“The League’s a place for anyone—regardless of skill level— who wants to write. It’s also perfect for people who want to be a part of and supportive of the literary community.”
– Rodney Sprott
A member of the Writers’ League for six years and the WLT’s board president, Rodney lives in Austin, Texas.
Scribe: In what genre(s) do you write?
Rodney Sprott: Mystery fiction.
Scribe: What author would you most like to have a drink with, and what’s the first question you would ask them?
RS: Tough question since I like so many. If I had to choose just one, then it’d probably be Norman Mailer. Here’s why. I heard him lecture at the University of Texas years ago. There I saw a hunched-over figure hobble to a stool at center stage, then start to speak. In an instant, the atmosphere in the hall seemed to morph from black and white to Technicolor. For an hour, the audience was spellbound. How was it possible that voice and those ideas could come from a man who seemed so frail? His time on stage was much too short for most of us. I’d ask him to say more about the craft of creative non-fiction.
Scribe: If you were stranded on a deserted island, what book would you want to have with you to keep you sane?
RS: The Complete Poetical Works of Wordsworth. Weird, huh? Let me explain. I’ve been a fan of the early romantic poets since my youth as a Bandera small-town “library kid.” Knowing that, my oldest brother gave me the book on my 21st birthday. A younger brother—and then still others—joined the cause and gifted me more volumes of poetry from that era — the works of Burns, Scott, Shelly, and Tennyson. Now, many, many years later, I still haven’t finished reading Wordsworth. Time alone on a deserted island might be what I need to get the job done.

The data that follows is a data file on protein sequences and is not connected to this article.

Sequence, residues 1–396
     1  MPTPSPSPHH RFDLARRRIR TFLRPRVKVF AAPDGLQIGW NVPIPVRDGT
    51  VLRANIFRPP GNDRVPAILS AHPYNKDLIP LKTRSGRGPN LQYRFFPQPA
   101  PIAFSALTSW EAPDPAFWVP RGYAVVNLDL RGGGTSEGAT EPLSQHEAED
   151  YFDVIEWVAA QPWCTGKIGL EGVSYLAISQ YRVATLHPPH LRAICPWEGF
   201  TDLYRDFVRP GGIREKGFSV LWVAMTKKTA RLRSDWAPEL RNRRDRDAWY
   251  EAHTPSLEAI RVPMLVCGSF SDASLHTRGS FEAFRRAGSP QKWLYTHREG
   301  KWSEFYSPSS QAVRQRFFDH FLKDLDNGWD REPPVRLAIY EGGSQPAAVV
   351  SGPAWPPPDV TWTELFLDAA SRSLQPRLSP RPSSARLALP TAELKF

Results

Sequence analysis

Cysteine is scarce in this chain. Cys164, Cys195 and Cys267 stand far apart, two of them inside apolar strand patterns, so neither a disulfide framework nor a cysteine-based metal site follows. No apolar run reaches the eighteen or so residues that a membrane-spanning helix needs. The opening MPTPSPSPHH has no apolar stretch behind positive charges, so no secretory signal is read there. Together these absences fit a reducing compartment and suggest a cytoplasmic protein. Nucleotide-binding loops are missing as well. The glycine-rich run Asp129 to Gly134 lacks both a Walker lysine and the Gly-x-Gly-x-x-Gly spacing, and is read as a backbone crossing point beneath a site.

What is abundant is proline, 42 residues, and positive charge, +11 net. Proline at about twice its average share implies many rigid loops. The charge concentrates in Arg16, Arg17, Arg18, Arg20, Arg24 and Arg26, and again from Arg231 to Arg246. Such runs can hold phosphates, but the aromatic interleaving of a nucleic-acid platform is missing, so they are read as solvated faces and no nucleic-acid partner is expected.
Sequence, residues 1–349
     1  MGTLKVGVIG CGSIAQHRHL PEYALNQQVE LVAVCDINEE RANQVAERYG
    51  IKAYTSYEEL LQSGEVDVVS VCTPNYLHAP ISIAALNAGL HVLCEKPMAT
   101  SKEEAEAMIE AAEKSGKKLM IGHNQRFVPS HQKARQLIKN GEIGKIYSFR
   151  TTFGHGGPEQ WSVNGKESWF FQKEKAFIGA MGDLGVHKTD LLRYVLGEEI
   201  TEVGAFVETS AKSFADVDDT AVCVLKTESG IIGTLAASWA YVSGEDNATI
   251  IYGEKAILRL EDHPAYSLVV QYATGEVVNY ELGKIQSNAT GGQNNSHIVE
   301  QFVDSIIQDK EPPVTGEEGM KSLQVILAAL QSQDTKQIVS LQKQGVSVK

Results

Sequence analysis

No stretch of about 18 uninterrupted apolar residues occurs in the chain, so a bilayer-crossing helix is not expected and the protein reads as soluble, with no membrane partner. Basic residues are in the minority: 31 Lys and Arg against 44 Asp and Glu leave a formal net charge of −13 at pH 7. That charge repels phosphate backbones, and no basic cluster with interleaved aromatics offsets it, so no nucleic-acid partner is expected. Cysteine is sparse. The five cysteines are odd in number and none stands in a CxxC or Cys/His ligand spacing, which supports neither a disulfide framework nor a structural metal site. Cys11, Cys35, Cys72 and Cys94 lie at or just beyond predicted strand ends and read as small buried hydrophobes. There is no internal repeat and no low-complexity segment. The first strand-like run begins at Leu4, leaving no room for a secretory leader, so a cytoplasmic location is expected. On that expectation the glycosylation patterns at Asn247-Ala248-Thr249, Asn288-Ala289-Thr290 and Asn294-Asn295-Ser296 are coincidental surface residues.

Scribe: What have you learned from your association with the Writers’ League?
RS: The League’s a place for anyone—regardless of skill level— who wants to write. It’s also perfect for people who want to be a part of and supportive of the literary community.
Scribe: Where do you see your writing taking you (or you taking it) in the future?
RS: I’d like to publish what I’ve written. To this point, I haven’t been especially hung-up on seeing my work in print, but recently my wife, Marcy, along with a good friend who both know I’ve labored for years to complete my first novel, gave me a swift kick in the pants. They each reminded me that finishing is the critical part of any project. Ouch! Guess I’d better hop to it. It’s high time I send some queries.
Scribe: Here at the Writers’ League, we love sharing book recommendations. What’s one Texas-related book that has come out within the past year that you couldn’t put down?
RS: Thursday Night Lights by Michael Hurd.
Scribe: Is there anything else about you that you would like to share with the world?
RS: Simply this: I stumbled onto the WLT six years ago when my family enrolled me in a creative writing class. Their Father’s Day card read something like this: “Put down the rake and pick up a pen. You have some work ahead of you!” The experience was transformative because it’s where I found a welcoming and nurturing world of writers. Now, six years later, I’m the League’s board president. Who would have guessed such a thoughtful gift could have such an impact? I think anyone who writes—or dreams of writing—belongs in the Writers’ League.